Information & FAQs
Business Appraisals Ltd provides independent business valuations that are clear, credible, accurate, and affordable.
1) Basic Principles?
- Business valuation is an art not a science.
- All valuations are opinions, and there is an element of subjectivity in every opinion.
- Business valuation should be unbiased, it is not an advocacy function.
- Business value changes with time and market conditions.
- Business value should be based on expected earnings, but it is not purely an accounting exercise.
- Curiosity is more important than calculating ability.
- The only true test of value is an arms-length sale on the open market after a reasonable marketing program.
2) What are "intangibles"?
- On average over 70% of the sale price of SME is for intangibles.
- These are "non physical factors that contribute to or are used in producing goods or providing services or that are expected to generate future productive benefits for the individuals or firms that could the use of these factors."
- Most do not appear on the Statement of Financial Position of the business.
- They range from trademarks, patents, domain names, franchise agreements, contracts, leases, databases, relationships, to general goodwill.
- To have value they must be identifiable and transferable.
- In many SME there will be personal goodwill pertaining to the owner and not transferable.
3) What is the difference between price and value?
- Price is what is actually paid for a business. Valuation is an opinion.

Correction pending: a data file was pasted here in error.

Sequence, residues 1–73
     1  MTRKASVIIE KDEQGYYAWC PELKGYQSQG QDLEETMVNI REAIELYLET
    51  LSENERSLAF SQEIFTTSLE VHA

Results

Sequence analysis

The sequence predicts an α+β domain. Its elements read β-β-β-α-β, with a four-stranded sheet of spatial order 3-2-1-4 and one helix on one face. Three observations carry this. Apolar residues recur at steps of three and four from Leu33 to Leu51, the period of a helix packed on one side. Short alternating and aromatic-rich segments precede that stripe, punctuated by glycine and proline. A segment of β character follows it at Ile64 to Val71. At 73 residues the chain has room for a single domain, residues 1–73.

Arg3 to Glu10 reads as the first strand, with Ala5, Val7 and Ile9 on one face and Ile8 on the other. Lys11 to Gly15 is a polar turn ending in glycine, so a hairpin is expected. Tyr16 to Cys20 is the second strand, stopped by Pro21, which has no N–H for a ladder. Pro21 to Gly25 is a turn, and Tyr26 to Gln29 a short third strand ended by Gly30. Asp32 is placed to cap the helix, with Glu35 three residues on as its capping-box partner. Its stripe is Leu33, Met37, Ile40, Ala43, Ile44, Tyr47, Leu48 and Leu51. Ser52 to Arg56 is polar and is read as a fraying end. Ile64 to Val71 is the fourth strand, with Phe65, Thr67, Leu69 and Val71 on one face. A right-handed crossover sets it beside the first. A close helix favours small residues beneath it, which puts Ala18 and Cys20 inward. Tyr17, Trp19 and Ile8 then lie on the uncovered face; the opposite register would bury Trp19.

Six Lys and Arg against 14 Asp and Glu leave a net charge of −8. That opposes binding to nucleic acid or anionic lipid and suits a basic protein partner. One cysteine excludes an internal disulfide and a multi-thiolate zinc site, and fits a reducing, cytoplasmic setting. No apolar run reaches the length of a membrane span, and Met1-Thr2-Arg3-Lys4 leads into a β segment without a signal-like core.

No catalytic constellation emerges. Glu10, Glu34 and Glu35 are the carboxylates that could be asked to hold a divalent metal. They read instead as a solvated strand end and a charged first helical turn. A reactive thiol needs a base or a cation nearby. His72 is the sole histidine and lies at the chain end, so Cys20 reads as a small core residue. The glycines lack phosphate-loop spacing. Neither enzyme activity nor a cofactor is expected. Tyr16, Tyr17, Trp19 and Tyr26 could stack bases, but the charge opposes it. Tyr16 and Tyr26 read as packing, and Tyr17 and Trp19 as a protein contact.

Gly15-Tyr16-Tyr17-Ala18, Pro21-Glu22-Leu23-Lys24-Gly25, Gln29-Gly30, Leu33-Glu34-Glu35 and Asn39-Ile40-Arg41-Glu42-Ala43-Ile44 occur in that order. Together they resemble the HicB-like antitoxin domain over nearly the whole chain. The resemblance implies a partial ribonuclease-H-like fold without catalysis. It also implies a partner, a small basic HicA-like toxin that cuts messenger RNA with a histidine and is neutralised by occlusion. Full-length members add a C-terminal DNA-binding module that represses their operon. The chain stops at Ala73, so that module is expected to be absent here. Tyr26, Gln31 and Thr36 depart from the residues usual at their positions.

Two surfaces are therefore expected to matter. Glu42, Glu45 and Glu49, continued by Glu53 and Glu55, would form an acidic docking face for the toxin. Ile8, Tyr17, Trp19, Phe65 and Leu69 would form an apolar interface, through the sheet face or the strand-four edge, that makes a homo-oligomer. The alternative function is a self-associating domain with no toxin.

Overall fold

- Price may be affected by the motivations and negotiating skills of the parties.
- The terms of the sale can have a major impact on price… as can supply and demand and promotion.
4) What are "standards of value"?
- Fair Market Value is the most common standard and has been defined as - "the amount at which the business would change hands between a willing buyer and a willing seller when neither is acting under compulsion and both have reasonable knowledge of the relevant facts".
- Fair Value may be used in relation to a particular transaction which is not in the open market between two identified parties and the aim is to be equitable to both parties.
- Special Value is the value to a buyer who may pay a premium because of perceived synergies or economies of scale.
- Liquidation value - "the net value of a terminated business, with assets sold net of liabilities and cost of discontinuing operations. The liquidation can be orderly or forced".
5) Why do people buy businesses?
These ownership motivations are important value drivers.
- employment, i.e. buying a job, even for larger businesses
- independence, i.e. more personal control and freedom
- security, i.e. important in times of rising unemployment
- challenge, i.e. the opportunity to grow an enterprise
- profits, i.e. important for survival plus capital gains
- lifestyle, i.e. may involve a hobby or passion
6) SME are different to large businesses?
- SMEs comprise 97% of New Zealand businesses
- generally less than 20 full-time equivalent employees
- generally owner-operated with few management layers
- generally less than $5million annual turnover and a single location
- financial accounts are normally compilations and are unaudited
- may be inseparable from the owner
- 99% sell on an 'assets' basis, i.e. plant, goodwill, and stock
7) A typical engagement letter
8) What factors influence capitalisation rates?
- This will usually be established by using a "build-up" method from a base risk-free rate and adding increments for equity risk and specific company risk.
- Factors which may impact the Specific Company Risk Premium include:
- financial history and profitability
- time in business
- management requirements and quality
- organisation structure
- staff stability and availability
- future prospects
- business size
- competitive environment
- availability of finance
- security of tenure
- condition of plant and facilities
- customer spread
- market share
- reliance on key personnel
- marketing capacity
- breadth of products and services
- supplier relationships
- and so on